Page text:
But the pan-democrats aren't buying it. Leung Yiu-chung of the Neighbourhood and Worker's Service Centre says it is a two-pronged strategy by Beijing to break the ice with opposition lawmakers, while cracking down hard on independence advocacy.

Leung Yiu-chung isn't convinced by Beijing's olive branch
"If officials would like to talk about relaunching the city's political reform process, I would go anytime, even this afternoon, but there is no need for another sightseeing trip," To said.

What was also bizarre about the announcement was that it came not from Chief Executive Leung Chun-ying, but from the pan-democrats' fiercest critic, Robert Chow Yung, who runs the pro-establishment group Silent Majority for Hong Kong.

He has managed to score meetings with Wang Guangya, director of the State Council's Hong Kong and Macau Affairs Office, Zhang Dejiang, chairman of the National People's Congress, and Chen Zuoer, chairman of the semi-official Chinese Association of Hong Kong and Macau Studies.

The fact that Chow got these meetings -- one purportedly lasting as long as two hours -- shows that even Leung Chun-ying doesn't quite have the guanxi touch anymore.

Nevertheless, at least three pan-democrats who have been unable to renew their mainland travel documents for more than a decade -- Democrat James To Kun-sun, "Long Hair" Leung Kwok-hung from the League of Social Democrats, and Leung Yiu-chung -- have said they will not apply for permits.

Leung Kwok-hung isn't applying for a permit anytime soon
"I also found it very strange that Chow was informed before the local government. It seems Beijing has downgraded the local government," Leung Yiu-chung said.

When asked if he knew about the announcement from Beijing, Leung Chun-ying declined to confirm, only saying he had been "working hard to advocate that the central government promptly allow our pan-democrat friends [to visit the mainland]".

Hmmm... since when were the pan-democrats his "friends"?

Even Rita Fan Hsu Lai-tai, Hong Kong's sole representative on the National People's Congress Standing Committee didn't know about the latest development. She saw it as a gesture to the pan-democrats that "if you are not [advocating independence] there is no reason why there should be no communication [between us]".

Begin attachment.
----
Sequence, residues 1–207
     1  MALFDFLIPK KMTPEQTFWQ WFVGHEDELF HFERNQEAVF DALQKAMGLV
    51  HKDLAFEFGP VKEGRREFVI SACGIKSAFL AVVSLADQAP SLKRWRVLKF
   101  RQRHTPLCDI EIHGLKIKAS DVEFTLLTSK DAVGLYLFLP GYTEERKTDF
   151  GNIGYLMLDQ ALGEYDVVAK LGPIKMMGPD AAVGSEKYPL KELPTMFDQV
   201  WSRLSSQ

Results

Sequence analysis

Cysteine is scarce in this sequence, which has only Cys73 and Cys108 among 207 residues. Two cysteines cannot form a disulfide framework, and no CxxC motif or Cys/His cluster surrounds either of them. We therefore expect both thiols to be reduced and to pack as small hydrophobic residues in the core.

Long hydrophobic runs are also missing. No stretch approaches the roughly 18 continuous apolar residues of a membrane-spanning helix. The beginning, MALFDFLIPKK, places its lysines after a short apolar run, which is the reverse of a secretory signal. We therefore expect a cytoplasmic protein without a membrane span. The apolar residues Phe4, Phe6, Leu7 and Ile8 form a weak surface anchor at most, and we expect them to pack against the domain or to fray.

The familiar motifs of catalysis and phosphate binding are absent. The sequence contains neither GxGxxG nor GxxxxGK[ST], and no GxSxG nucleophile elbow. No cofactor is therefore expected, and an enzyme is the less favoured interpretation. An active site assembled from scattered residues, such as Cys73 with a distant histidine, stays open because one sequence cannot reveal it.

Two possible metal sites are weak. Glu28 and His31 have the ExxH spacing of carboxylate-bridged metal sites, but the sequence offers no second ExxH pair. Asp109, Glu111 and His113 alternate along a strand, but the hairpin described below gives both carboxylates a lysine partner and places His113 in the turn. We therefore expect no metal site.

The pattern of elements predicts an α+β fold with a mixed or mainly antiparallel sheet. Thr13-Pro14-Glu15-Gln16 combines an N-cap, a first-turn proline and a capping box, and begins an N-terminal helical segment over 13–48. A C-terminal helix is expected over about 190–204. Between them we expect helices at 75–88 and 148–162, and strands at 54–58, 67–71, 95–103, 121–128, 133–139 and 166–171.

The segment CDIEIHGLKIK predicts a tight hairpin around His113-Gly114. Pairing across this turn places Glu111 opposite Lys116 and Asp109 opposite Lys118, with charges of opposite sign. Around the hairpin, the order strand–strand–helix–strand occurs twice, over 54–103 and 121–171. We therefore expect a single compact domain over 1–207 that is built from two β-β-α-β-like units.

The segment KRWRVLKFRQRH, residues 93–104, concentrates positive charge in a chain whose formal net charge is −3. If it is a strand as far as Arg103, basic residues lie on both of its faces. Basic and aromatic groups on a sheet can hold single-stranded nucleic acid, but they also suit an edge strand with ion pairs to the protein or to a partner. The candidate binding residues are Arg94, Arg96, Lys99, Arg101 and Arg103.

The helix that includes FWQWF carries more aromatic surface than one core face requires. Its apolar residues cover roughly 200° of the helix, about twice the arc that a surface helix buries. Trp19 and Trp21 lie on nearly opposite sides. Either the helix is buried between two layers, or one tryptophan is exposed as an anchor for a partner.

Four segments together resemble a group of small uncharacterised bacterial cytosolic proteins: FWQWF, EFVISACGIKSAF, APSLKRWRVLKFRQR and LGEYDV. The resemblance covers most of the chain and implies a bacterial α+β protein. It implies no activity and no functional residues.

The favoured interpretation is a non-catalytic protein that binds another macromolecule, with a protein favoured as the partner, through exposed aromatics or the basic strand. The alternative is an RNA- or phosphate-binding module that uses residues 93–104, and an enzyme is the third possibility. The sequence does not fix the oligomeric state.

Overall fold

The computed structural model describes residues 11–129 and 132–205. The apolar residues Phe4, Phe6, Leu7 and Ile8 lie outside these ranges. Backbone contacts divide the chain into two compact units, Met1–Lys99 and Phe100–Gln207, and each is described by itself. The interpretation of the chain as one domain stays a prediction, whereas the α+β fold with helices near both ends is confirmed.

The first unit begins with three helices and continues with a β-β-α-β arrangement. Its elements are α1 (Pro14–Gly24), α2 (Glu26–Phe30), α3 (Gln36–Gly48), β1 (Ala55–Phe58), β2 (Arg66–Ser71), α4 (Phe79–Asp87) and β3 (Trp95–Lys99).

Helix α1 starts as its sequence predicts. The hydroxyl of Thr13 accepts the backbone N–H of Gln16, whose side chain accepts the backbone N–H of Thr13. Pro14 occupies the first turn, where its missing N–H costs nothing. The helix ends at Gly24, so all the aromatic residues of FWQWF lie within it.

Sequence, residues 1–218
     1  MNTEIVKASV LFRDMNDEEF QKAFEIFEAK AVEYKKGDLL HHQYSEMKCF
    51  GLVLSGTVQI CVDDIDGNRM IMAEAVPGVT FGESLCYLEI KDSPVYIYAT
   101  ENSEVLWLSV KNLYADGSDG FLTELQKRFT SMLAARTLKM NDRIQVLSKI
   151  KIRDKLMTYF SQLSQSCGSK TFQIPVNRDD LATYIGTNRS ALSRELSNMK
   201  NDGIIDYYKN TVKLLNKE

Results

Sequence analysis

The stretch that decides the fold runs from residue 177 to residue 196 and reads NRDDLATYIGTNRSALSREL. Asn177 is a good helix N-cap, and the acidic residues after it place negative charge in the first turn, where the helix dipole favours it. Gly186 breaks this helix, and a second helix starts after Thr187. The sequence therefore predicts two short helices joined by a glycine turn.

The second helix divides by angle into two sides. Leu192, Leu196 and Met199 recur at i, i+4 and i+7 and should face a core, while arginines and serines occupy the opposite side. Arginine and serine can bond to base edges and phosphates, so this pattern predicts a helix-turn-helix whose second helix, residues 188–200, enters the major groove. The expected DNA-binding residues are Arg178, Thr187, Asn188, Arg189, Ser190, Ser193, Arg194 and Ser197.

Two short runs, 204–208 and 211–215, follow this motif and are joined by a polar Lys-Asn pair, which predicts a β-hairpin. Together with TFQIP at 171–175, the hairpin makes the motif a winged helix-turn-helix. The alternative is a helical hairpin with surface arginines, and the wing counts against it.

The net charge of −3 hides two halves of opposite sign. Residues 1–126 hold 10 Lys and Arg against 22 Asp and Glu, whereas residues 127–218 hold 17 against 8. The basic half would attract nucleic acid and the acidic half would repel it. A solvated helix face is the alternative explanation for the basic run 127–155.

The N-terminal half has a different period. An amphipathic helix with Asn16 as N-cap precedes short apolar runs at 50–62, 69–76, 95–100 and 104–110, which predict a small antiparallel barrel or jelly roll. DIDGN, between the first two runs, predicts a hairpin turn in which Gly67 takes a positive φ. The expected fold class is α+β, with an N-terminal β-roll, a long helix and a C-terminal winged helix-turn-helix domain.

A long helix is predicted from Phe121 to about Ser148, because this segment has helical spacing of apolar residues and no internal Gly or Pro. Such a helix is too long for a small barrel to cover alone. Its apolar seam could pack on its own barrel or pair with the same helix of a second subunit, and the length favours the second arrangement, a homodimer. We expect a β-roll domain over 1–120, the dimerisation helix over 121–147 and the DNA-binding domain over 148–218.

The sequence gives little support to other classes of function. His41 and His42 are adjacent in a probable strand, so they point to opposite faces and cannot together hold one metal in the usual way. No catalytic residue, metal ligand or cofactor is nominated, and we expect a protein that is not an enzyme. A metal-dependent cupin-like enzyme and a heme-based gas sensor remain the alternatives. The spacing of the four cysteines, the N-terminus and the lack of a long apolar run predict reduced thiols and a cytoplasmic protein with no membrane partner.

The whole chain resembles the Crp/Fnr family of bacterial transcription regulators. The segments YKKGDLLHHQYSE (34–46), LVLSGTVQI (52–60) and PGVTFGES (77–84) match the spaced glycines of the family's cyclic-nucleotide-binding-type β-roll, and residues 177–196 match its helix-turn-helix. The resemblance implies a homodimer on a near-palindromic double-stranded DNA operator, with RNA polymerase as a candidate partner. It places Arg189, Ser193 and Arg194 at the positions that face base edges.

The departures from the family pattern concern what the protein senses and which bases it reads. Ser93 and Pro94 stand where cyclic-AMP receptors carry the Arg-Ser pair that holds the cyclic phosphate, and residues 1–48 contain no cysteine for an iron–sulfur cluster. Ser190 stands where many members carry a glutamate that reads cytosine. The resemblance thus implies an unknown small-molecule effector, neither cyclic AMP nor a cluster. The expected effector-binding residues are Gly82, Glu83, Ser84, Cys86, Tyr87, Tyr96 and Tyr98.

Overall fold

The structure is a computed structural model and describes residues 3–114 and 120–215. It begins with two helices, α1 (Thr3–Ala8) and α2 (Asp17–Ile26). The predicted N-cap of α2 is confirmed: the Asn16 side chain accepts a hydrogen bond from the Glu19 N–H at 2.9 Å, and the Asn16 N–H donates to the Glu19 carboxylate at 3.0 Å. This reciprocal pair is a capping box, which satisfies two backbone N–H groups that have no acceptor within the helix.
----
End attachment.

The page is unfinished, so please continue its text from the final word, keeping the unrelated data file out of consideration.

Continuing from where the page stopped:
Very interesting development, but also good on the pan-democrats for sticking to their guns. Democracy is worth much more than a travel permit to the mainland...

Wednesday, 30 November 2016

Limited Options

Yau Wai-ching and Sixtus Leung don't have many legal options left to pursue
It's almost game over for Youngspiration localists Sixtus Baggio Leung Chung-hang and Yau Wai-ching.

The Court of Appeal this morning upheld the previous ruling that disqualified them from office for saying derogatory terms for China when they said their oaths, along with having banners that read "Hong Kong is not China".

Will they go to the Court of Final Appeal?
The three judges unanimously confirmed Beijing's interpretation of the Basic Law earlier this month.

"There can be no innocent explanation for what they uttered and did," the ruling said. "What has been done was done deliberately and intentionally."

Originally the pair were prepared to present their case to the Court of Final Appeal, but Leung is now concerned that the case might bring up further interpretations of the Basic Law that could further damage the system.

"It boils down to whether [seeking] the rule of law and justice or the stability of a system is more important," he said.

He said they were also concerned about the cost of mounting such a case, estimating it would be in the seven-figure range.

The ruling is a political win for both Hong Kong and China governments, who have stepped up rhetoric against independence in the city even though the numbers are actually quite small.

And now the Hong Kong government is looking to legally unseat another localist Lau Siu-lai, who paused six seconds between each word when she took her oath, and later explained on Facebook that the pauses were meant to negate it.